Mozilla and Firefox were conceived to expand people’s access to information and each other, not to make a company rich. The browser’s initial burst of popularity in 2004 didn’t just help Mozilla. It helped the entire internet by challenging the incumbents to improve and inspiring new competitors to join in. Fifteen years later, Firefox may appear small next to Chrome and Safari. But it’s still pushing new technologies for openness and security that can help everyone who goes online.
For a while my browser usage has been Safari as my primary and Firefox as my backup (for the rare site that didn’t work in Safari, usually due to the “modern” web being terrible), mostly because it gave me good integration with the iCloud Keychain as well as a few nice little handoff things (migrating sessions between computers/my phone, autofilling SMS OTP keys, etc.).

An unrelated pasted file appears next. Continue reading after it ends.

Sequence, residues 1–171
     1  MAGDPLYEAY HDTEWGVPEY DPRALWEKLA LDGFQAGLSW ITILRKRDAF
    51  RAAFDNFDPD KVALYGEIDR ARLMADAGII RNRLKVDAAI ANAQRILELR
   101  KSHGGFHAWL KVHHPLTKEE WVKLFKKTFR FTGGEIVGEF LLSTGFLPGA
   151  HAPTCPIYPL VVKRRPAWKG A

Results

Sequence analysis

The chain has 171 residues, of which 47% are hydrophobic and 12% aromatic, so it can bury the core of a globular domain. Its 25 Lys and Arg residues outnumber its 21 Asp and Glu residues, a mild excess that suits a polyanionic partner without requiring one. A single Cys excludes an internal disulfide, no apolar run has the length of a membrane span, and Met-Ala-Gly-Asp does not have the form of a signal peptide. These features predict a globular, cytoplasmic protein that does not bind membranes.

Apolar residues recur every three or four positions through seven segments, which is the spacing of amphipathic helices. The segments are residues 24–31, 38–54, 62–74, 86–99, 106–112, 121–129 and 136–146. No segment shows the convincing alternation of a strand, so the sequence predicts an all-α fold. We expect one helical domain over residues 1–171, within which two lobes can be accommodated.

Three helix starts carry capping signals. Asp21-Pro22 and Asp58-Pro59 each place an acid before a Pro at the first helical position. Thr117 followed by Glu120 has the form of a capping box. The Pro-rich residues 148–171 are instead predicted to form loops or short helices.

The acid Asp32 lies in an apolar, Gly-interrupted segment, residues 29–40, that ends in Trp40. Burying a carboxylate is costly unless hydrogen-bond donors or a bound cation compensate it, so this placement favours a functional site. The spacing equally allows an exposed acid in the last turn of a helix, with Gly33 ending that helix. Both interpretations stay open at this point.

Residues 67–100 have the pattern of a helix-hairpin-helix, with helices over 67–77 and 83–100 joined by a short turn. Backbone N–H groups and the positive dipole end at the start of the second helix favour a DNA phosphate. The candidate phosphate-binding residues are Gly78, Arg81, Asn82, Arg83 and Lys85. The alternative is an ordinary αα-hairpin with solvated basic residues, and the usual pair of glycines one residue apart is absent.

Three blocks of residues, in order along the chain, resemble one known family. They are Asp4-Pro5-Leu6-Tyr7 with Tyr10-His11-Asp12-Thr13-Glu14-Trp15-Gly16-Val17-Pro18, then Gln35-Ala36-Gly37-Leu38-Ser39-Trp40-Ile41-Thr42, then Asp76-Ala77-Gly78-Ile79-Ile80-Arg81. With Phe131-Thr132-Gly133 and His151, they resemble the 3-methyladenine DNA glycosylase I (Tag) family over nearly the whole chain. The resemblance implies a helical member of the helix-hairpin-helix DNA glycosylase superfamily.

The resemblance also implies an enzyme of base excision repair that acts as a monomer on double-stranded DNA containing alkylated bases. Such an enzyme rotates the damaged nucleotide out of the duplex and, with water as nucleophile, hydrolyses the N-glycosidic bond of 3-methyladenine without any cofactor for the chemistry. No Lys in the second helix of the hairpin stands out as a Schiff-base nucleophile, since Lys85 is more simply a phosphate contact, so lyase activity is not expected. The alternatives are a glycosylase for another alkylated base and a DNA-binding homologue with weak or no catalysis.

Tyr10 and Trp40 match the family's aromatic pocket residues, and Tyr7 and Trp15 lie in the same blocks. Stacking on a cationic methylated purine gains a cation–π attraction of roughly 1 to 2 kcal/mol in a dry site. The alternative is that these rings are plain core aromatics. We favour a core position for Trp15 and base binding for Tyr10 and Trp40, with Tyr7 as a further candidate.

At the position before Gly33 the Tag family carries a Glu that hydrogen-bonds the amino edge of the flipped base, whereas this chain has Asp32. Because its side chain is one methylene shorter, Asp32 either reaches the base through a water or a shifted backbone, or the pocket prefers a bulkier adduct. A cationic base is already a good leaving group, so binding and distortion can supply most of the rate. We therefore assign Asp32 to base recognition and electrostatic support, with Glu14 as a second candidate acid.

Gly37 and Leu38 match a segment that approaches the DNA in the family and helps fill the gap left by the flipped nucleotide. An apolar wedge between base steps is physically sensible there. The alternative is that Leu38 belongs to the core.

I remember at a team dinner once Mitchell Baker, Mozilla’s Chairwoman and “Chief Lizard Wrangler”, talked about the importance of…
The problem with competing on price is that you soon get into a race to the bottom and whoever has the biggest economy of scale ends up winning.
The web isn’t a world of monolithic apps with clear boundaries between them, it is an experience of surfing from one web page to another, flowing through content.
With no real constraints put on the ideation process and an insufficient process for evaluating them, people were coming up with all sorts of suggestions from smart watches to reinventing the concept of currency!
The premise of Ari’s talk was that Firefox OS had set out to compete with Android and iOS and it had failed. Firefox OS was too late to market, the app store hadn’t taken off and the smartphone war had been won. It was time to move onto the next big thing — the Internet of Things.
The flagship Firefox team and supporting platform team had been complaining about a lack of resources for a while, and with Firefox market share slipping the finger of blame was pointed at Firefox OS.
There was a general feeling that Mozilla had “bet the farm” on Firefox OS and it hadn’t paid off.
It’s possible that rather than being five years too late, Firefox OS was actually five years too early!